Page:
Extending the exclusivity period up to 18 months

Taking the time to file for chapter 11 may be the single most stressful decision you make in your life, so it’s only natural to look for ways to reduce the stress and commotion. The best way to do this is by filing a reorganization plan along with a Chapter 11 bankruptcy petition. A well thought out plan can save you money and a lot of time in the process. The best thing about filing a reorganization plan is that the entire process can be done in as little as six months. The plan can also be used as a tool to get out of debt and rebuild your credit score. If you are considering filing for Chapter 11 bankruptcy, it’s not a bad idea to have a plan that will give you a better chance of reclaiming your hard earned assets. This is why filing a reorganization plan is the single most important step in the process.

Fees to be made by certain professionals

Whether you are in the throes of a bankruptcy or are considering one, you should understand the fees to be paid by certain professionals in the process. Although these fees are not typically closely monitored, the process is different in a Chapter 11 case. The most important thing to know is that these fees are not free. However, they are justified if the benefits outweigh the costs. The United States Trustee Program (USTP) has recently issued new guidelines governing attorney fee applications in larger chapter 11 cases. They are formally known as Appendix B – Guidelines for Reviewing Applications for Compensation in Larger Chapter 11 Cases. The guidelines are effective for all cases filed on or after November 1, 2013. They are located in the Federal Register at 78 FR 36248. The USTP has designated a pool of trustees in most federal districts. These trustees are qualified small business individuals who act as a conduit between the debtor and the U.S. Trustee to ensure that the reorganization is on track. In addition, the U.S. Trustee has also opted out of the traditional solicitation process to form a creditors’ committee. The USTP’s most impressive contribution to the law is its ability to provide the best advice for your particular situation. Aside from recommending the best possible solution for your specific circumstances, the USTP has also added new regulations to its Code of Federal Regulations.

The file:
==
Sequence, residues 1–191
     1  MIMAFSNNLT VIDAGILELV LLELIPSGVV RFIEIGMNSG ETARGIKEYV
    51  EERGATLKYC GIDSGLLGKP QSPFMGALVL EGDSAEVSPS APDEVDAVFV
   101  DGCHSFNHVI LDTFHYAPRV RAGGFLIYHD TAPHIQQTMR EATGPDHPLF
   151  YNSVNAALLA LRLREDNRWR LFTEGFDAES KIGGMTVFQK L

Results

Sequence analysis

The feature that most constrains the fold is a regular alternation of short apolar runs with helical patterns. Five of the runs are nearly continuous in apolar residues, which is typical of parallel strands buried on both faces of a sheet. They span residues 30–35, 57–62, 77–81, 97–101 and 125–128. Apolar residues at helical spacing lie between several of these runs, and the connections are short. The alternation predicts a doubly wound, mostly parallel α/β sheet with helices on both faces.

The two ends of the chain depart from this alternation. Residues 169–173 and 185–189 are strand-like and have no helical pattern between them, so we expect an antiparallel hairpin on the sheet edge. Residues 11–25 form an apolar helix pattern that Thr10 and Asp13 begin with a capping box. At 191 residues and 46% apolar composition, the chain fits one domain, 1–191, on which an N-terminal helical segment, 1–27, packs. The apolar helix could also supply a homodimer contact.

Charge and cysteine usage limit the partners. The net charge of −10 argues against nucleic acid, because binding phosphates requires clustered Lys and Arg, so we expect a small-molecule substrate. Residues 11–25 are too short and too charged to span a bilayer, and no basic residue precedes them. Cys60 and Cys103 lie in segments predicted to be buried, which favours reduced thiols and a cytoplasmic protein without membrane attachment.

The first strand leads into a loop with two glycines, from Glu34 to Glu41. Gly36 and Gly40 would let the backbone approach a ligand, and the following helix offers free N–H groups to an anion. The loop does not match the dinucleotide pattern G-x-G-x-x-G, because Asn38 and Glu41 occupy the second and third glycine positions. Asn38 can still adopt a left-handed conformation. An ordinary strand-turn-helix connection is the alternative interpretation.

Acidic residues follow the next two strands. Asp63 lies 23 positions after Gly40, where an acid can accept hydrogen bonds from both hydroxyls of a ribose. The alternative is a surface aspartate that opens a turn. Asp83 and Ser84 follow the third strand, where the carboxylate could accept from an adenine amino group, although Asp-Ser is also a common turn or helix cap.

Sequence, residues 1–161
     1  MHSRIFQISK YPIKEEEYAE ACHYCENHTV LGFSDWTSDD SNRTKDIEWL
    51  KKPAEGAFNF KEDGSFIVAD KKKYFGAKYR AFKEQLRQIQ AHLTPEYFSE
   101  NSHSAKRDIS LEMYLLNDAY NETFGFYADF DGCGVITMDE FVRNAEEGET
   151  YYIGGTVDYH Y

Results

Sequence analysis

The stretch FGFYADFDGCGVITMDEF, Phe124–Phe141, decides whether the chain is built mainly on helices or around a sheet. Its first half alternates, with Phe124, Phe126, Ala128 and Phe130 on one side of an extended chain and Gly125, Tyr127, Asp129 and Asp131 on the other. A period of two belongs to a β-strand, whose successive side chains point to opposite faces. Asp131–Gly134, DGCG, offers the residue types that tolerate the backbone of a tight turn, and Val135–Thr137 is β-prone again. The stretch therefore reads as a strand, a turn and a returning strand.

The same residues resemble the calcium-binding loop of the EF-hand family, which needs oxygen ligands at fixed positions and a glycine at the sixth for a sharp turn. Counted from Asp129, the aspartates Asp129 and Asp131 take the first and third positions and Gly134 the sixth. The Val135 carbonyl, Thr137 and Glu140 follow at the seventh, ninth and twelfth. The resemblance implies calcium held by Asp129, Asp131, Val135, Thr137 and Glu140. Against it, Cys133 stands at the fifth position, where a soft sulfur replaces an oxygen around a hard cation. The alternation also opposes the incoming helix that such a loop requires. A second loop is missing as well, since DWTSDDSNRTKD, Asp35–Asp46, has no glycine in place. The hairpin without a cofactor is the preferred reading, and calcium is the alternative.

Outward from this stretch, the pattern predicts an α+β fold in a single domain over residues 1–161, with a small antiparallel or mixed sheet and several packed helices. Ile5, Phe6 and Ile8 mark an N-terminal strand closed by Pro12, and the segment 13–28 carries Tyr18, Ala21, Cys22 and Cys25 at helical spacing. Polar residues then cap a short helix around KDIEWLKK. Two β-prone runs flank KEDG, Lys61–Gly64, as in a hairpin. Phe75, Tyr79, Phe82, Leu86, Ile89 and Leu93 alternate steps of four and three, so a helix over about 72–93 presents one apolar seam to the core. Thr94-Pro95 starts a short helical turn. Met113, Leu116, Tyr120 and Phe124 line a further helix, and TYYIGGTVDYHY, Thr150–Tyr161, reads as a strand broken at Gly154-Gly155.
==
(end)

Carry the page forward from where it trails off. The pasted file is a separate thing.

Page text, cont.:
Small business vs. subchapter V

Whether a small business should file a bankruptcy case under chapter 11 or subchapter V depends on the financial circumstances of the business and its goals. Both are aimed at accelerating the reorganization process and reducing costs. In the small business case, the filing deadline is accelerated from 180 days to 90 days. The debtor must submit a plan during the first 180 days, and the court can extend that period by another 300 days. The trustee is responsible for monitoring the debtor’s financial condition and conducting investigations into its assets. The Small Business Reorganization Act of 2019 (SBRA) has been designed to streamline the small business bankruptcy process. The new legislation lowers costs, simplifies the filing requirements and provides more protection to creditors. It also speeds up the reorganization process, and allows businesses to continue operating. While the SBRA makes it easier for smaller companies to reorganize, it does not guarantee faster or more efficient reorganizations. For example, it does not guarantee that the US Trustee will not object to a Subchapter V filing. In addition, the debtor is still subject to additional oversight by the U.S. Trustee, who is assigned to review the debtor’s activities and ensure that the debtor is making payments under the plan. In a small business case, the debtor is obligated to attend meetings scheduled by the U.S. Trustee, as well as an initial debtor interview. During the initial debtor interview, the debtor’s business plan is evaluated, and the debtor’s obligations are explained. The initial meeting is also an opportunity to answer questions about the debtor’s business and the bankruptcy rules. If you like what you read, check out our other articles here.